Scientists have engineered an enzyme which can digest some of our most commonly polluting plastics, providing a potential solution to one of the world's biggest environmental problems.
The global team then tweaked the enzyme to see how it had evolved, but tests showed they had inadvertently made the molecule even better at breaking down the PET (polyethylene terephthalate) plastic used for soft drink bottles.
British researchers created the plastic-digesting protein accidentally while investigating its natural counterpart.
PET, patented as a plastic in the 1940s, has not existed in nature for very long, so the team set out to determine how the enzyme evolved and if it might be possible to improve it.
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The researchers were initially inspired by the discovery of a bacterium in 2016 in Japan that had naturally evolved to eat plastic found at waste dumps.
Finding the enzyme was helping a bacteria to break down, or digest, PET plastic, the researchers made a decision to "tweak" its structure by adding amino acids, said John McGeehan, a professor at Portsmouth who co-led the work.
Professor Adisa Azapagic of the University of Manchester, UK, likewise agreed that the enzyme could prove useful, but stated concern that it could lead to other forms of pollution: "A full life-cycle assessment would be needed to ensure the technology does not solve one environmental problem - waste - at the expense of others, including additional greenhouse gas emissions".
"The engineering process is much the same as for enzymes now being used in bio-washing detergents and in the manufacture of biofuels", said McGeehan. The team used the Diamond Light Source, near Oxford, UK, an intense beam of X-rays that is 10bn times brighter than the sun and can reveal individual atoms. This suggests there is room to further improve these enzymes, moving us closer to a recycling solution for the ever-growing mountain of discarded plastics'.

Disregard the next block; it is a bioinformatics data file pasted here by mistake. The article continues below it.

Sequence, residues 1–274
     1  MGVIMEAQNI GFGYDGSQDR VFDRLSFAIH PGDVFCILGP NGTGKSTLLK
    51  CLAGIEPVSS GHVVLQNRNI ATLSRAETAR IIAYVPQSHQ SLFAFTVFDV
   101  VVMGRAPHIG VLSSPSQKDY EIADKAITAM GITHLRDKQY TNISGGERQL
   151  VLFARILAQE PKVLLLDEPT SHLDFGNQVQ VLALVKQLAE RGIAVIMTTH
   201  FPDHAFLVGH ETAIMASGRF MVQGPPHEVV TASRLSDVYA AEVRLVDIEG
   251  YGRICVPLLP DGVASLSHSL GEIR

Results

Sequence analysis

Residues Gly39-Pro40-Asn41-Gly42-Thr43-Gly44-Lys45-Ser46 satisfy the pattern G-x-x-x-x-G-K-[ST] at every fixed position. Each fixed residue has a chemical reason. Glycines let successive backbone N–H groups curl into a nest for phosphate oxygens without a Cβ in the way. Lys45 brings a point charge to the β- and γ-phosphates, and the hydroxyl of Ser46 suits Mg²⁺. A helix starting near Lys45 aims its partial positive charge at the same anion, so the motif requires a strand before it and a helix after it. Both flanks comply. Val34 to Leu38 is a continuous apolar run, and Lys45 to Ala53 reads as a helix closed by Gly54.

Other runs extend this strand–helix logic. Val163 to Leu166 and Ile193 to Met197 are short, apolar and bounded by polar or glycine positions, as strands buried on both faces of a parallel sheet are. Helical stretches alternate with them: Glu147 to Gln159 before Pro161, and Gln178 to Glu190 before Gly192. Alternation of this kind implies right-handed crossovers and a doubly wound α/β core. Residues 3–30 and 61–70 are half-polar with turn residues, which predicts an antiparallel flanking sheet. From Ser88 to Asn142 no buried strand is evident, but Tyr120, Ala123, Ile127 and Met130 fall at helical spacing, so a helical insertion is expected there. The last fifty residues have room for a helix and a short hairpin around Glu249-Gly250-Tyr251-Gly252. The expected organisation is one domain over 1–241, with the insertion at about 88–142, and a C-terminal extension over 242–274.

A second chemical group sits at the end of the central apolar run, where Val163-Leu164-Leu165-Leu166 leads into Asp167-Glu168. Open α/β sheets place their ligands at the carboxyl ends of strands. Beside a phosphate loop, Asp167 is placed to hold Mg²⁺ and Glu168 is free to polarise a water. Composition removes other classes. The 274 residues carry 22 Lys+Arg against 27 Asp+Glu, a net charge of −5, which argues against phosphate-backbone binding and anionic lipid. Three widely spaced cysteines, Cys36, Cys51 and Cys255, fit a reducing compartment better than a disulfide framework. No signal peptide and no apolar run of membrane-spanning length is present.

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The impact of such an innovative solution to plastic waste would be global.
Then, with help of computational modelling and scientists at the University of South Florida and the University of Campinas in Brazil, the team discovered PETase may have evolved in a PET-heavy environment to enable the enzyme to degrade PET.
"What we are hoping to do is use this enzyme to turn this plastic back into its original components, so we can literally recycle it back to plastic", said McGeehan.
Also, the phasing out of Multi-layered Plastic (MLP) is now applicable to MLP, which are "non-recyclable or non-energy recoverable or with no alternate use".
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"To further support the work of the CCOA, £16.4 million will be used to improve waste management at a national and a city level", the government said.